Family Services

NWIRP keeps families together by assisting with family visa applications and representing family members facing deportation.

The FSU processes hundreds of cases each year. Once a month, in Seattle, a Family Visa Workshop is provided for up to 40 people to attend a 40-minute presentation on a general overview of the family-based petition process. If you live in western Washington, contact NWIRP’s main line at (206) 587-4009 to sign up for a Family Visa Workshop and intake. If you live in eastern Washington, please contact the Granger office at (509) 854-2100 or the Wenatchee office at (509) 570-0054, for individual intakes.

 

Family Rights Include

If you are a Legal Permanent Resident or United States Citizen you can apply to bring a family member to the United States.

 

NWIRP Protects Rights

The FSU focuses on the following case types: Family-based petitions (Form I-130), petitions for fiancé(e) (Form I-129F), applications for adjustment of status (Form I-485), applications for a travel document (Form I-131), assistance with consular processing, application for waiver of grounds of inadmissibility (Form I-601, Form I-601A), application for permission to reapply for admission (Form I-212), petitions to remove conditions on residence (Form I-751), and general removal defense.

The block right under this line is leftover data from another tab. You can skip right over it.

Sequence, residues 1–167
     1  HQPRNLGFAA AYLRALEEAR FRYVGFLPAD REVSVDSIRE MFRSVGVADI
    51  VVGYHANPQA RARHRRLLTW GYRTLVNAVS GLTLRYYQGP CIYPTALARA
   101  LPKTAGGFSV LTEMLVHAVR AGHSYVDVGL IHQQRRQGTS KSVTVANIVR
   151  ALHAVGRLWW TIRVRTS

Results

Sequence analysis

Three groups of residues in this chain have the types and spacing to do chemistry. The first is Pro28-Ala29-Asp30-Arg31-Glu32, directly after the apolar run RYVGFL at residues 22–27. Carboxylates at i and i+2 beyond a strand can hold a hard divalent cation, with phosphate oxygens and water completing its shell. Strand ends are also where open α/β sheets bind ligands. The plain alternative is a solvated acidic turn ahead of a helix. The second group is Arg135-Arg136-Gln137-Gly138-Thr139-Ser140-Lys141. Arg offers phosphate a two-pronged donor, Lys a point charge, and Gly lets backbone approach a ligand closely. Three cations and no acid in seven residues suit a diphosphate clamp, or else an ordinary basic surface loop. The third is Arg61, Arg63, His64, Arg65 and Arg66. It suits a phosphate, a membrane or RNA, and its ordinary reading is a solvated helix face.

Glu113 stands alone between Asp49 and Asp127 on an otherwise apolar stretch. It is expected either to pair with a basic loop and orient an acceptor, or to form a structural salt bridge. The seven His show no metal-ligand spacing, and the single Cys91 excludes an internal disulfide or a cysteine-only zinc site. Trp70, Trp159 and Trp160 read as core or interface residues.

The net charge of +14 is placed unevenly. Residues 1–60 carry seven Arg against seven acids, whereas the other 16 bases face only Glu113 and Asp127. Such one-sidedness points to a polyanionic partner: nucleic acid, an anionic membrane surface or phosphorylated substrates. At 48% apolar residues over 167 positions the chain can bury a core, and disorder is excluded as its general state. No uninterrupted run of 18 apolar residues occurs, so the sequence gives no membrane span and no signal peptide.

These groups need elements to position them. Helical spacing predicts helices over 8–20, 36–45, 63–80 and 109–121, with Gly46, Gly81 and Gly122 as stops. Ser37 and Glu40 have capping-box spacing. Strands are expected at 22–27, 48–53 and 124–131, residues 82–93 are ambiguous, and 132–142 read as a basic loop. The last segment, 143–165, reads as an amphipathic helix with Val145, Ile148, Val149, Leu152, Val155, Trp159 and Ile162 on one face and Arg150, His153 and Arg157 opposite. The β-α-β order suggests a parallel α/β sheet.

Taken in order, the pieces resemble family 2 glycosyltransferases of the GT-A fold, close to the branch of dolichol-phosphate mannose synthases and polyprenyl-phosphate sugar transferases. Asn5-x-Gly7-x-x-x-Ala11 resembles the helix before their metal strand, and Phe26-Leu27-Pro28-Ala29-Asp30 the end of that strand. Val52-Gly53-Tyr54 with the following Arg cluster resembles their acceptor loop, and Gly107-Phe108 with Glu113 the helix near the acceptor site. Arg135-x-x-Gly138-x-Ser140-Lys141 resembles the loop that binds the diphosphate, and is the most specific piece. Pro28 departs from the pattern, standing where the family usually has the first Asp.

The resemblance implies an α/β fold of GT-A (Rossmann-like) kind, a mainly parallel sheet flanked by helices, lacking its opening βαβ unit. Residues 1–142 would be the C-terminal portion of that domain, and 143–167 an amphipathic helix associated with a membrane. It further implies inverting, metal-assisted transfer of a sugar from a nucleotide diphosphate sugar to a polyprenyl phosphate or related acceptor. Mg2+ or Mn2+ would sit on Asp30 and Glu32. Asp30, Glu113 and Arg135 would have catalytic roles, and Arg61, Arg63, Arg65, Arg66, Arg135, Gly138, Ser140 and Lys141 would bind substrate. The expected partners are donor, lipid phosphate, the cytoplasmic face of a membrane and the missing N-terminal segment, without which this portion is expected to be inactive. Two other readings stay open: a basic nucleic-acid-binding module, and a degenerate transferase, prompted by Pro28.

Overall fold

Meheret and Kiflow's Story

I was pregnant and did not want to be a single mother raising my baby alone with my husband far away.

When Meheret, a Seattle resident and U.S. Citizen, married Kiflow of Ethiopia, she never anticipated so many obstacles in beginning their new life together. After their marriage ceremony, Kidane traveled to Addis Ababa, Ethiopia, to obtain their official marriage certificate. At the U.S. Embassy, officers mistrusted her motives and accused Meheret of attempting fraud by being paid to marry Kiflow, subsequently throwing her out of the embassy office. Determined, Meheret flew back and forth until she was able to officially document their marriage, however, ran into another obstacle when she tried to bring her husband to the U.S. With no other recourse, she contacted NWIRP's Seattle Family Services Unit and was assigned a legal advocate to help her with the case.

"I was pregnant and did not want to be a single mother raising my baby alone with my husband far away," Kidane said.  After recovering from the birth, she traveled to Addis Ababa to once again bring official proof of the couples' relationship via their newborn daughter's birth certificate. But the U.S. Embassy still denied Kiflow's visa.

After a year of delay, NWIRP staff member Miriam Cervantes tried one final effort to reunite the family, referring the case to the office of Congressman McDermott.  A staff assistant took the case into her hands and after several letters to the Embassy in Addis Ababa, Kiflow was finally given an appointment. After more than 18 months, Kiflow was finally reunited with his wife and was able to see his daughter for the first time. When asked about their new life together, Kiflow said, "I am so happy, I couldn't be happier."